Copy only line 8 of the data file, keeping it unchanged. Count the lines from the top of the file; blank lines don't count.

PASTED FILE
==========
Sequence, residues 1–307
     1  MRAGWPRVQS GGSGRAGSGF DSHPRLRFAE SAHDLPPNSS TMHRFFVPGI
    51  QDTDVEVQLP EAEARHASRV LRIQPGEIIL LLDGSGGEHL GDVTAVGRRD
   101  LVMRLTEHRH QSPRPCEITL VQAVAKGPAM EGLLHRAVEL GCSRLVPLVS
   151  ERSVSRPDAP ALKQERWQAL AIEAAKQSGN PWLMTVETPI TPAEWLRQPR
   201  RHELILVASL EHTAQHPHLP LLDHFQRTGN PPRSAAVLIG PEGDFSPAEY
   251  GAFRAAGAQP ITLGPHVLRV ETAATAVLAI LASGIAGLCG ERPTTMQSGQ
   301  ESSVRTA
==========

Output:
   301  ESSVRTA